INTERNATIONAL SYSTEM OF UNITS (SI)
The International System of Units, abbreviated as SI (from
the French name
Le Système International d’Unités
), was estab-
lished in 1960 by the 11th General Conference on Weights and
Measures (CGPM) as the modern metric system of measurement.
The core of the SI is the seven base units for the physical quantities
length, mass, time, electric current, thermodynamic temperature,
amount of substance, and luminous intensity. These base units
SI base unit
amount of substance
The SI base units are defined as follows:
The meter is the length of the path travelled by light in
vacuum during a time interval of 1/299 792 458 of a second.
The kilogram is the unit of mass; it is equal to the
mass of the international prototype of the kilogram.
The second is the duration of 9 192 631 770 periods
of the radiation corresponding to the transition between
the two hyperfine levels of the ground state of the cesium
The ampere is that constant current which, if main-
tained in two straight parallel conductors of infinite length,
of negligible circular cross-section, and placed 1 meter
apart in vacuum, would produce between these conduc-
tors a force equal to 2∙10
newton per meter of length.
The kelvin, unit of thermodynamic temperature, is the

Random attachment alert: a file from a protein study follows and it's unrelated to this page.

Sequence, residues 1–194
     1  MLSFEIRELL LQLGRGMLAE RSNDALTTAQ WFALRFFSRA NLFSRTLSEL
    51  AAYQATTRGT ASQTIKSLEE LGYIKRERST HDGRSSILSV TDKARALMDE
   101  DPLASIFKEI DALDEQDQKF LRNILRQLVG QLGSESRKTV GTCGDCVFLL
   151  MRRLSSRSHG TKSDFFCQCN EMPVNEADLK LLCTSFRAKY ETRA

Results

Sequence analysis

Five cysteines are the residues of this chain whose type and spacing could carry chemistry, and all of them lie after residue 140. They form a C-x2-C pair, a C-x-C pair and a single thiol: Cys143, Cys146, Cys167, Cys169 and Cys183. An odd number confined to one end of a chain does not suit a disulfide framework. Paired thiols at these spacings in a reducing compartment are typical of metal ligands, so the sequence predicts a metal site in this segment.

fraction 1/273.16 of the thermodynamic temperature of
the triple point of water.
The mole is the amount of substance of a system which
contains as many elementary entities as there are atoms in
0.012 kilogram of carbon 12. When the mole is used, the
elementary entities must be specified and may be atoms,
molecules, ions, electrons, other particles, or specified
groups of such particles.
The candela is the luminous intensity, in a given di-
rection, of a source that emits monochromatic radiation of
hertz and that has a radiant intensity in
that direction of 1/683 watt per steradian.
SI derived units
Derived units are units which may be expressed in terms of base
units by means of the mathematical symbols of multiplication and
division (and, in the case of °C, subtraction). Certain derived units
have been given special names and symbols, and these special
names and symbols may themselves be used in combination with
those for base and other derived units to express the units of other
quantities. The next table lists some examples of derived units ex-
pressed directly in terms of base units:
SI derived unit
meter per second
meter per second squared
density, mass density
kilogram per cubic meter
cubic meter per kilogram
ampere per square meter